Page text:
For the next IF test ("num_flagged == 1"), the compiler generates code that works properly with the static predictor.  It compares "num_flagged" to 1 (which will be true about 80% of the time once you get to this line of code), then does a forward conditional jump if *not equal* to the next IF test.   That branch will be predicted *not taken*, and execution will fall through the branch and begin processing the code for "num_flagged == 1".  This code ends in an unconditional branch to the END_OF_I_LOOP processing, so this will also be predicted correctly.  (All these double-negatives make my brain hurt!)

The compiler also does the right thing in exactly the same way for "num_flagged == 2".

For the final case, the compiler fully unrolls the loop and tests the 8 bits sequentially.   The compiler can't know this, but when "num_flagged" is greater than 2, the most common value is 3.  This means that each of these 8 tests should be assumed to be false -- then in the most common case you would predict 5 correctly and 3 incorrectly.   It would be very nice to have a way to tell the compiler that the tests are less likely to be true than to be false, so that it would know how to generate the best possible code.  As it happens, the compiler generates conditional branches in such a way that the static branch prediction is correct if the comparison (mask & (i<<j)) is true, so the compiler-generated code gets 3 correctly-predicted branches and 5 incorrectly-predicted branches (using static branch prediction) -- adding about 40 cycles to the loop execution for the 1% of the time this code is executed.  This is not catastrophic, but it is actually a significant contributor to the overall execution time.   Eventually the dynamic branch predictor will change these static predictions, but I am not sure that it will respond quickly enough to be useful.  For a vector length of 1000, the outer loop only executes 128 times, and with the final IF test only occurring about 1% of the time, it will often only be executed once for a call to this routine.   Lots of other code will be executed before coming back here, and there is no guarantee that the branch predictor will remember this loop, or that the weak 3/8 vs 5/8 ratio will be strong enough to train the branch predictor in only a few calls.

Back in the olden days, I seem to recall that compilers supported pragmas that would allow me to give hints about branch probabilities.   I know that the branch predictors are much better now, but there is still code that has random, data-dependent branches and knowing something about the probabilities could be helpful. 

Any ideas?

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4 Replies
SergeyKostrov
Valued Contributor II
183 Views

>>... >>...Should I have written the code some other way so that the compiler would generate code that is >>...consistent with the static branch prediction mechanism for this most common case? >>... Here is my more than 15-year-old solution for elimination of very complex if-else-if-else constructions: ... _inline void ( *g_pProcessing[4] )( void ); _inline void Processing0( void ){ //... }; _inline void Processing1( void ){ //... }; _inline void Processing2( void ){ //... }; _inline void Processing3( void ){ //... }; ... void main( void ) { ... g_pProcessing[0] = Processing0; g_pProcessing[1] = Processing1; g_pProcessing[2] = Processing2; g_pProcessing[3] = Processing3; ... for( int i = 0; i < IMAX; i += 8 ) { ... g_pProcessing[ __builtin_popcount( mask ) ](); ... } ... } Add a verification that there is No out-of-bound values, that is exceeding 3, returned from __builtin_popcount( mask ) function. Of course, it does not get rid of jmp instructions when C/C++ compiler generates binary codes...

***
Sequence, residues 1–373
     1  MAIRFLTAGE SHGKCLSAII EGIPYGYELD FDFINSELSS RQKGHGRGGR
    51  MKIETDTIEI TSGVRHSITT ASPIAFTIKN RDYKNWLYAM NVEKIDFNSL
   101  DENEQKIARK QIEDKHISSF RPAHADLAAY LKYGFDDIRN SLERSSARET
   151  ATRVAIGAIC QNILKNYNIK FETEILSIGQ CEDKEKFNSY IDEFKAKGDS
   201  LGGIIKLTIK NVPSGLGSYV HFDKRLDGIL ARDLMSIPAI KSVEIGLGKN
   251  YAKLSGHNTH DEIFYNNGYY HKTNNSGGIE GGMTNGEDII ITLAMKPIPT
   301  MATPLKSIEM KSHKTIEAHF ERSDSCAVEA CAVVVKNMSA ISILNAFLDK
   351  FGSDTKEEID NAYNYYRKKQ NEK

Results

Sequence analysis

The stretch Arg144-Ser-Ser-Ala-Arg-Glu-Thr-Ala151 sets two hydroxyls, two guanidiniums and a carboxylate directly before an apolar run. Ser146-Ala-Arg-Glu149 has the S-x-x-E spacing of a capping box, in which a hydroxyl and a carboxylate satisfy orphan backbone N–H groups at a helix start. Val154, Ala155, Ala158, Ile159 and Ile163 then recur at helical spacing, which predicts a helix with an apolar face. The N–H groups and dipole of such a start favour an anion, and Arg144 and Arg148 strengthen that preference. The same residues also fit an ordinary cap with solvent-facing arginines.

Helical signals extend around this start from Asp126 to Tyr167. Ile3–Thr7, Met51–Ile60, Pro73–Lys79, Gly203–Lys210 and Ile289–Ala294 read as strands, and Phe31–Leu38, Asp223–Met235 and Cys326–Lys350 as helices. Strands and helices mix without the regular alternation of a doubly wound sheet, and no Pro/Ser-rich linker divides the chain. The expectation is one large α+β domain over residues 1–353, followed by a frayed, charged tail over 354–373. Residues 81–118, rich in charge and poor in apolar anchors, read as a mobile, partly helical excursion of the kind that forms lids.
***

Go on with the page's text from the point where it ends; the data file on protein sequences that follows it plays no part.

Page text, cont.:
TimP
Black Belt
183 Views

Not having time to study the situation fully today, one possibility is to employ profile guided optimization with sufficient training cases to replicate the expected branch probabilities, generate the asm code and see if that exposes the internal directives.

SergeyKostrov
Valued Contributor II
183 Views

>>...one possibility is to employ profile guided optimization with sufficient training cases... Plus investigation with VTune...
McCalpinJohn
Black Belt
183 Views

I have done some modeling of simple branch predictors, and they are probably good enough to override the (statistically) incorrect static branch predictions pretty quickly, so that the overall overhead is small.   I would still like to be able to annotate the code with probabilities, even if it is just to remind me of the analysis that I did, but I don't think that I would get a significant improvement in performance on current hardware.

After doing the more detailed analysis, I was surprised to see how much of the execution time of this code is likely attributable to unavoidably mispredicted branches.   For highly vectorized code that can sustain 2 8-wide vector instructions per cycle, a single 20 cycle branch mispredict penalty corresponds to ~40 vector instructions or 320 element operations.   This completely overwhelms the small number of instructions required to implement the "num_flagged ==1" processing (about 8 instructions) and the "num_flagged==2" processing (about 12 instructions).

I see that AVX-512F includes a VCOMPRESSPS instruction that can be used to compress the flagged elements of a vector register into a set of contiguous register locations or a set of contiguous memory locations.  I will probably revisit this once our KNL systems start to show up....